Background: Alcohol use disorder (AUD) Is present in 10% of adults and its prevalence is increasing. When patients with AUD are admitted to the hospital, half develop alcohol withdrawal syndrome (AWS), which can cause delirium, hallucinations, seizures, and even mortality if not treated appropriately. A fixed-dose phenobarbital strategy may be superior to the standard of care and guideline-recommended strategy of symptom-triggered benzodiazepines in the pharmacological management of alcohol withdrawal syndrome. Most research demonstrating phenobarbital’s effectiveness has been done in intensive care units (ICUs), but greater than 90% of patients hospitalized for AWS are cared for outside of ICUs. The aim of this project is to evaluate the effectiveness and safety of phenobarbital compared to lorazepam for patients with AWS admitted to an inpatient, non-ICU setting.

Methods: We performed a retrospective cohort study of patients admitted to an academic medical center and an affiliated community hospital. Patients were included in the evaluation if their primary admitting diagnosis was for an alcohol related disorder and they were treated with either the institution’s fixed-dose phenobarbital protocol or symptom-triggered lorazepam protocol. All admitting services were included. Patients were excluded if they were admitted directly to an ICU or transferred to an ICU within 12 hours of admission. A backward stepwise regression analysis was used to evaluate the primary outcome, hospital length of stay.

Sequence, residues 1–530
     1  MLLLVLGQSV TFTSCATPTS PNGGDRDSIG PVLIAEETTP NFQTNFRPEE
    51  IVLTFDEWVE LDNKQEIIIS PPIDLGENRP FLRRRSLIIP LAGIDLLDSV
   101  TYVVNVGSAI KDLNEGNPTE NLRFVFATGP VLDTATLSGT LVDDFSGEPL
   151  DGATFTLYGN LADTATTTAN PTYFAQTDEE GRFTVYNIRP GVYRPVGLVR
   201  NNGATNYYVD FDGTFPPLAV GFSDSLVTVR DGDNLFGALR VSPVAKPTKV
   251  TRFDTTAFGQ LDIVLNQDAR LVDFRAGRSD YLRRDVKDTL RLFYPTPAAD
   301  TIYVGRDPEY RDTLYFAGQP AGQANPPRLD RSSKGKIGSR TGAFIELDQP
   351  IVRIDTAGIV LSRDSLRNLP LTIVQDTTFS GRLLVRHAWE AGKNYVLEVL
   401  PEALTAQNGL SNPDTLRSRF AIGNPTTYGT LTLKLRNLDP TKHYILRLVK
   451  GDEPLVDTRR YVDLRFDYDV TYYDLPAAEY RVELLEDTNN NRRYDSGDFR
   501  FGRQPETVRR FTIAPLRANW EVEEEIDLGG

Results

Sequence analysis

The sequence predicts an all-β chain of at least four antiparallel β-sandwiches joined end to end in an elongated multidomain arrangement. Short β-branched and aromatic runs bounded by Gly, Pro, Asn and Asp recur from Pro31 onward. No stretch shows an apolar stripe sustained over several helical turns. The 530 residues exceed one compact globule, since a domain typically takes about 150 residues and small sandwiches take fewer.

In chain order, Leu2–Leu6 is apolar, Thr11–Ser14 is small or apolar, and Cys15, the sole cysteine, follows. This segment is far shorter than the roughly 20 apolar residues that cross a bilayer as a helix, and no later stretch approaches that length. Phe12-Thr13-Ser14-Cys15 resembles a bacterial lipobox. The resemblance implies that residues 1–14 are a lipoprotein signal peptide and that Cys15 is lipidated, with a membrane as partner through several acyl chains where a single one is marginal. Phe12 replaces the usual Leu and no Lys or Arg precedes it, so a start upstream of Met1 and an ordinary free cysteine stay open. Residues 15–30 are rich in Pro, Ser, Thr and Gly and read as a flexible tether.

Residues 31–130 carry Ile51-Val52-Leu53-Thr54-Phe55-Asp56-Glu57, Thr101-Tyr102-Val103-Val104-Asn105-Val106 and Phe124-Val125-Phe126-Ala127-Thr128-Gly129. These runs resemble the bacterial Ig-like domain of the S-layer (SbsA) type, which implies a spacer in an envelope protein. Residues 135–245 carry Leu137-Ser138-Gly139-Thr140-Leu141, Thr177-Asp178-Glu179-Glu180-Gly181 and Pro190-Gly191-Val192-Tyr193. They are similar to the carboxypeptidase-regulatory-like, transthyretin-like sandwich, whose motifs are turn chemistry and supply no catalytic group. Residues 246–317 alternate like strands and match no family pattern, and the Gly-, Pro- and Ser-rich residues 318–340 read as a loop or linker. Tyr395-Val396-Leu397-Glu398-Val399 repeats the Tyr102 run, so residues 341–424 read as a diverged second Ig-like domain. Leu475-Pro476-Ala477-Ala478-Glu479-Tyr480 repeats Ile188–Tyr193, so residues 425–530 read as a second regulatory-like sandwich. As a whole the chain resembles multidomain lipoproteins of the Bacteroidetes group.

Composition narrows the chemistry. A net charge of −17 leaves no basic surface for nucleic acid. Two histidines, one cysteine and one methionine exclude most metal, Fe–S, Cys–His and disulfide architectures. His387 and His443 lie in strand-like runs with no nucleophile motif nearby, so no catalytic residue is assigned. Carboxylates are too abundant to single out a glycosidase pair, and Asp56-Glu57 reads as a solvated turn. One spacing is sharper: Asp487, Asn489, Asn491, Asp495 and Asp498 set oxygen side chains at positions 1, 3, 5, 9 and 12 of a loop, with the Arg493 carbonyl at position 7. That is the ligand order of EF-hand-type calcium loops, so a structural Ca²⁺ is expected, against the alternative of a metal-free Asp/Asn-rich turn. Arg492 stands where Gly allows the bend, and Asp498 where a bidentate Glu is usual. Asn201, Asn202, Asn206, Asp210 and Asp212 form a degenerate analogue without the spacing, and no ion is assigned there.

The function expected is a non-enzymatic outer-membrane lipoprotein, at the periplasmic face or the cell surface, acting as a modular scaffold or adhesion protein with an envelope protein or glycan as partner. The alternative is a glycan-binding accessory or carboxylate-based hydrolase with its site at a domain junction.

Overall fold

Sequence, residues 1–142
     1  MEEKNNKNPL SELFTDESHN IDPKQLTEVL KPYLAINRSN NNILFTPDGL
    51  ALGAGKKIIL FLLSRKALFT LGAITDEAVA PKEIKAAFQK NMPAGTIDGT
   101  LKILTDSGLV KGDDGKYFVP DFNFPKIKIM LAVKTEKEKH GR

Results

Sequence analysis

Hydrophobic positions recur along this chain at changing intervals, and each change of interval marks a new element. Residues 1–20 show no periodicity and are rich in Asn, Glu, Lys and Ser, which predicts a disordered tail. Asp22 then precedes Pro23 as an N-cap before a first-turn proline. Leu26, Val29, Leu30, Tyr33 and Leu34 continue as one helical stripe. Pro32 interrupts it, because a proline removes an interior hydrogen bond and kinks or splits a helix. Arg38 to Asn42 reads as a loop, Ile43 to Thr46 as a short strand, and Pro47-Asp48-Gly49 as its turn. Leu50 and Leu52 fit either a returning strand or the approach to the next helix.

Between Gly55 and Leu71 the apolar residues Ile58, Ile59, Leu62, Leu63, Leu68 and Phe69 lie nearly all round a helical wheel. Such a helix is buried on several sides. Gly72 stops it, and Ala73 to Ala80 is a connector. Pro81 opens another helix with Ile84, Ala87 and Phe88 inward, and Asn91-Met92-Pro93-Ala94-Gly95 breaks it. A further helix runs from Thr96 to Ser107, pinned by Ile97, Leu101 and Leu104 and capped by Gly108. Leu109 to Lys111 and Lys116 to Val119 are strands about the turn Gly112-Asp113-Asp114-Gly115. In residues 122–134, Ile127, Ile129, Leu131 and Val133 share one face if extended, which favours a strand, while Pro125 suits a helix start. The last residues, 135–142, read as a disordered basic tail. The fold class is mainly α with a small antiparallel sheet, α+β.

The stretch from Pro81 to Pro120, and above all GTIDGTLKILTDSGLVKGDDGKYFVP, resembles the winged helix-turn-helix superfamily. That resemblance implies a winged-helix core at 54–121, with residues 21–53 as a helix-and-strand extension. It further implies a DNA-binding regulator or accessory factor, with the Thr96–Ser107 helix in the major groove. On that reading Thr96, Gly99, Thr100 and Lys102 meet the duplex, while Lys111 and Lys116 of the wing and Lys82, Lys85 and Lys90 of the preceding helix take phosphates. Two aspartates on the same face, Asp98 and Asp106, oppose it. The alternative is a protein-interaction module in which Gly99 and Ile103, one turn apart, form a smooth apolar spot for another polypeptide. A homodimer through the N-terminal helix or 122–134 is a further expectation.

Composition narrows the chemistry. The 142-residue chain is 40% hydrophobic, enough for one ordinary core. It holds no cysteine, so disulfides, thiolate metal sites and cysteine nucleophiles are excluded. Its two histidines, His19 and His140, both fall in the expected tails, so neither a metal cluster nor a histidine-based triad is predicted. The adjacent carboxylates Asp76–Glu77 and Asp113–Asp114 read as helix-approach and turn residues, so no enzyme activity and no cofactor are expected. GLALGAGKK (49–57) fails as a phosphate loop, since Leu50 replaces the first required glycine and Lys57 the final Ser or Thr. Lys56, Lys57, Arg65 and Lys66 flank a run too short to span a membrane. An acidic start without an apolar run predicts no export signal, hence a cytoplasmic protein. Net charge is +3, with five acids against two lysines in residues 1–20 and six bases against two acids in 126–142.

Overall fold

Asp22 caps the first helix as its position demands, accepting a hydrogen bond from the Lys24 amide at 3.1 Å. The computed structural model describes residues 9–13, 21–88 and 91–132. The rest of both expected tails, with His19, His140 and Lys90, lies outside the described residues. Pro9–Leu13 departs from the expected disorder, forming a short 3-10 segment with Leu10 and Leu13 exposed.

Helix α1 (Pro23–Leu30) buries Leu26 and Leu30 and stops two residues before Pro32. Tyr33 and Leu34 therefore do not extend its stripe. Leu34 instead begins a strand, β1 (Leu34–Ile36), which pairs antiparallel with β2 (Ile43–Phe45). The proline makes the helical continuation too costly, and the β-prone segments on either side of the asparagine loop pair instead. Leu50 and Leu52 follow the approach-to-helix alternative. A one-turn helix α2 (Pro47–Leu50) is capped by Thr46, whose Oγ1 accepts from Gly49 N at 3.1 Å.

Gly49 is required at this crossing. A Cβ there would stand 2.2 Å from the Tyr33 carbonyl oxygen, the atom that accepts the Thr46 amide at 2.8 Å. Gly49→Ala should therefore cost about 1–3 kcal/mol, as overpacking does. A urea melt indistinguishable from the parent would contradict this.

Results: In total, 754 patients were included, 310 in the phenobarbital group and 444 in the lorazepam group. Patients in the phenobarbital group were more likely to have had a previous alcohol withdrawal seizure, more likely to have experienced delirium tremens in the past, and more likely to have an illicit substance use disorder. After adjustment for baseline characteristics, we found no statistically significant difference (adjusted p=0.301) in mean hospital length of stay between the phenobarbital group (4.15 days) and the lorazepam group (3.87 days). Similarly, we found no differences in secondary outcomes (Table).

Conclusions: Our findings suggest that a fixed-dose phenobarbital protocol is similar to a symptom-triggered lorazepam protocol with regard to length of stay and other important outcomes. The four-day duration of our institution’s fixed-dose phenobarbital protocol likely influenced the LOS in that group. Given the increased baseline risk of severe AWS in our phenobarbital group, residual confounding is a possibility. A randomized controlled trial, possibly examining a shorter fixed-dose phenobarbital protocol, would be a reasonable next step.

IMAGE 1: Secondary Outcomes